By: Daniel Otero
Returning to Shaoxing, Zhejiang Province after three years was the city and my real introduction to China. It was a bitter-sweet remembrance, and thinking back, my relationship with the Middle Kingdom didn’t start out too well. Actually and honestly, I hated this country the first three months. Then, I came to Shaoxing and it was the turning point to find my niche in the world. When I thought, should I stay or should I go? I decided to stay and like Nanjing, Shaoxing was the best decision I’d ever made.
You see, I was never these kinds of Foreigners to just go into the city and become a local ‘bar fly’. For me, living in a country was about the search, learning from the people, explore, learn more about the local places and pick-up a little of the local language.
This was my Shaoxing and let me introduce it to you…
Everything was pretty straight forward when I moved to Shaoxing to the western most portion of the city five years before. Living near Hospital number 7, a hospital notoriously known as a mental health ward; and maybe I had just lost my mind and the locals were trying to tell me something, ha, ha. But I decided to give it a chance.
My center was always City Square and for knowledge of Shaoxing, here it’s where it all begins. The avenue to place me in my discovery was Jiefang Nanlu. From here it was easy to understand in truth how this small city of nearly five million people was so amazingly-beautiful and ancient in its history. In the center is Dashan Pagoda, a structure with colour, dignity and style, since it was built 1,500 years before in this city with longevity of more than two-and-a-half millennia.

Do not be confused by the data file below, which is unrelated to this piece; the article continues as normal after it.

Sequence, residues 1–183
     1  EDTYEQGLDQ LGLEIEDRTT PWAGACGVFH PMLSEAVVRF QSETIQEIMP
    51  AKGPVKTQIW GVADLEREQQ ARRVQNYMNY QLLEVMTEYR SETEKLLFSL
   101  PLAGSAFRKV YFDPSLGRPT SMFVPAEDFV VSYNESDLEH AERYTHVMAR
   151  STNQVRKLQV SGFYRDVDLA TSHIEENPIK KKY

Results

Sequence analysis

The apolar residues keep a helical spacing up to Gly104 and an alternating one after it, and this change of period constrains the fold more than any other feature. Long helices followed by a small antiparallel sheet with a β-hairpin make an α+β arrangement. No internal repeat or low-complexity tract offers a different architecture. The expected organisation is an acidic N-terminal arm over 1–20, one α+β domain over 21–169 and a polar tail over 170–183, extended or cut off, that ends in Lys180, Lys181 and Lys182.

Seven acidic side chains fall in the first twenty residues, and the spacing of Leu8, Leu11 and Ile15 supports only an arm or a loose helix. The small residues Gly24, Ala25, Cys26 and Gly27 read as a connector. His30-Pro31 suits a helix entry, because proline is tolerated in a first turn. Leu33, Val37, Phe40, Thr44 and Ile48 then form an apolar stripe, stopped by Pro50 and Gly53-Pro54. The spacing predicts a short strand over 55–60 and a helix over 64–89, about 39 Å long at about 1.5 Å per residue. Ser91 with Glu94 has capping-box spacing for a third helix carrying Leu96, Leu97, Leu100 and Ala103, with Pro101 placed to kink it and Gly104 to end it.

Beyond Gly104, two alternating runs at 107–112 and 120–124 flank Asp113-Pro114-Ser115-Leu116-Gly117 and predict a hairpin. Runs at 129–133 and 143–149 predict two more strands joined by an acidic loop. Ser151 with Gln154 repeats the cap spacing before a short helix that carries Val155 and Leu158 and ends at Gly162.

From its center and less than 600 metres away is Zhou Enlai’s ancestral home. For 18 RMB you will be taken to the past of the second most important man in the foundation of the 1949 People’s Republic of China.
To the south, there is Tashan Park and Ying Tian Tower. A gorgeous Tower, and while in Shaoxing, it’s not too complicated and no real worries of getting lost. A visitor can easily walk down Jiefang going south. A person can’t miss it. Another way to reach this Temple and Pagoda is to take bus routes 2 or 11 for 1 RMB. Visiting the temple and tower cost only 2 RMB and standard operating times for tourist attractions are from 8 a.m. to 5 p.m.
If you miss a little taste of home, there is a popular hangout for Foreigners and Chinese alike. For a nice ‘cool one’ like Tiger or Carlsberg beers, you can stop at Coco Bon Bon. Fridays and Saturdays are the best times for ‘happy hour’ before 10pm. After 10pm one can enjoy the local talents and beautiful singers, raising their voices to a romantic-funky tune in Chinese or English. Sometimes if some foreigners gather, you’ll see them going wild with some dancing [only if they are drunk enough], but for the most part, it’s to listen to the music, chat over the weeks events, have a drink or snack and enjoy the atmosphere of people just gathering to have a good time without complications.